Pop goes the MOSFET

Our top performance board in the roundup - thanks to its SidePort memory and optimum layout - is the JW-RS780UVD-AM2+ from J&W. They have a note at the bottom of the product page stating this board does not support 125W TDP processors, and again in the specifications section. We consider this acceptable and for the record, their board failed on power-up with the 9850E. J&W informed us that they will be producing a new five-phase PWM board in an ATX form factor for the performance oriented crowd in May. In the meantime, they have shipped us a new board to complete testing. For a “new” player in the market, we have to admit their customer service and support has been impressive.

The next board up is our all-around feature favorite product from Gigabyte, featuring a four-phase PWM design. The GA-MA78GM-S2H product page does not mention support issues with the 125W TDP processors. It actually states that the board supports the Phenom FX/Phenom processors, leading one to believe all is well. The specification page does not mention any support problems with the 125W TDP Phenoms. It is not until you get to the CPU Support List page that you find out the 9850E has not been qualified on this board, and the same goes for the other quad-core B3 stepping processors. This leaves the user in a quandary as to actual support for the new Phenoms, and hopefully Gigabyte will update the product pages quickly. The board actually runs the B3 stepping fine with the F3E BIOS or higher. However, this board failed after a short overclocking session with the 9900/9850BE processors. It lasted the longest of the boards we tested with either processor and will still power on, but it will no longer POST. Interestingly enough, Gigabyte has qualified the 125W TDP 6400/6000+ X2 processors on this board. We had a new board arrive today and will complete testing on it over the weekend before we subject it to any further overclocking tests with these processors.

We moved to the ASUS M3A78-EMH HDMI board that features a three-phase PWM design. The product page states that the board supports the latest AMD Phenom quad-core processors. Well, guess what: it lasted a mere two seconds with the latest and greatest Phenom processor and about 10 minutes with the 6400+ X2. The specification page is blank so we moved on to the QVL page and found it only contained qualified memory modules. We thought to ourselves, "What would Nancy Drew do?" Low and behold, we went to the download page for the board and off to the left was a box that featured links to CPU Support, Specifications, Product Comparisons, FAQ, and Forum. Sure enough, we clicked on the CPU Support link and found the information we were searching for earlier. Turns out that the Phenom 9100e, 9500, and 9600 are the only qualified Phenom models, and the 125W TDP 6400+ X2 is missing in action as well. This is a long way from the marketing slogan proclaiming support for the latest Phenom quad-core processors.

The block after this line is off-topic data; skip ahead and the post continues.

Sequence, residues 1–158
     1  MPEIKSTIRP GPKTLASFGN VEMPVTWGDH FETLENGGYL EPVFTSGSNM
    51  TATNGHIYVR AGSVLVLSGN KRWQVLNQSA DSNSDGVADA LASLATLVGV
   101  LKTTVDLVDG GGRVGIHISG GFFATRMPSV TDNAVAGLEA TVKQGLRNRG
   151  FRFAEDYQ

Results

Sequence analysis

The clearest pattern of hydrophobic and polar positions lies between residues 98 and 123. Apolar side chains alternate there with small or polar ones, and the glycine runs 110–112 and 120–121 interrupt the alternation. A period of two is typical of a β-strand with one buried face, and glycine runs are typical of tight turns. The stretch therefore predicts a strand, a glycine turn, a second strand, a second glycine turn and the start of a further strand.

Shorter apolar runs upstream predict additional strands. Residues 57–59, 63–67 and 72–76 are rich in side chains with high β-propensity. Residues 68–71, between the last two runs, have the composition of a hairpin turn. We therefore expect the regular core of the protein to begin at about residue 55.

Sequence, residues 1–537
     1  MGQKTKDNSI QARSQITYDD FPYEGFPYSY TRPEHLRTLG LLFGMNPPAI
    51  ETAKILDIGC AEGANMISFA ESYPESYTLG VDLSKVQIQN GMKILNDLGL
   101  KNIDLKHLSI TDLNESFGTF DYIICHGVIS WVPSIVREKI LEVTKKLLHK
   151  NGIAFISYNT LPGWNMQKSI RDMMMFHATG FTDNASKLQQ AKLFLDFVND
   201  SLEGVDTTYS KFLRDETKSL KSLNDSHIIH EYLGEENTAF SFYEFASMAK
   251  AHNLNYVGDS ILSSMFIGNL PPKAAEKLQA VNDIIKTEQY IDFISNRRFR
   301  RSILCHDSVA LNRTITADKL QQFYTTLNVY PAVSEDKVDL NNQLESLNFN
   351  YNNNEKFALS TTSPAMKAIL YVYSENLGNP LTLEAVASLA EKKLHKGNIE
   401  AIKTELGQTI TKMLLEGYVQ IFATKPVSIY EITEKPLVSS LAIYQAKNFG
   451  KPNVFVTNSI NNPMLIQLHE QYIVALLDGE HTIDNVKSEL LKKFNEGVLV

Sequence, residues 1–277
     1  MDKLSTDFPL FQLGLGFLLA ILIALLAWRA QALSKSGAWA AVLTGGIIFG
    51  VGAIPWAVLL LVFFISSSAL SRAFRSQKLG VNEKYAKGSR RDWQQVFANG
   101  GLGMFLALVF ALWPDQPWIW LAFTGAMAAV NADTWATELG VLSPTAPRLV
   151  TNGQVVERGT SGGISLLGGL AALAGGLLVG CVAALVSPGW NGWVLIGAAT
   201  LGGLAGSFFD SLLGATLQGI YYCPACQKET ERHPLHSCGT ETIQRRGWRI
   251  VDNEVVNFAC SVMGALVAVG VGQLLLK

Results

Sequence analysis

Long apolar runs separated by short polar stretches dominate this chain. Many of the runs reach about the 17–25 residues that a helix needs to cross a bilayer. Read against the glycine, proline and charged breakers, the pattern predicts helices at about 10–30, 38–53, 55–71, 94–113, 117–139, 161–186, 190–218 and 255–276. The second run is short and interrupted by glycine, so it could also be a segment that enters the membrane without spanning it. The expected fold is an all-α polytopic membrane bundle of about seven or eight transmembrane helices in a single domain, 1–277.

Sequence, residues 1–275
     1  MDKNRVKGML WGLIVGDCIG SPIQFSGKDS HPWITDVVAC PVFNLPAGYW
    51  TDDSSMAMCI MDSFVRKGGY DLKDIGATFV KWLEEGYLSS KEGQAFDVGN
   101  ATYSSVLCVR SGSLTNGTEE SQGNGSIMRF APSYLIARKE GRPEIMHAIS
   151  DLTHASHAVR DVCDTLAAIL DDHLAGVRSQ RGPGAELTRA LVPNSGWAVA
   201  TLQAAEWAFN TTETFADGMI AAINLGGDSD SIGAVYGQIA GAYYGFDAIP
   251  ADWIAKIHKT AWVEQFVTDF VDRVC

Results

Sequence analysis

Next up is the ECS A780GM series of boards that feature ATX and uATX form factors with a three-phase power design. The product and specification pages list AMD Phenom support. Clicking on the CPU support link off to the left brings up one of the more detailed CPU support pages we discovered. However, the 9850BE and 6400+ X2 are both missing. You can guess the outcome by now; while our board is not completely dead, it is on life support and pretty much circling the drain. We were able to shut it down before a complete black out, but the board is no longer stable at any setting.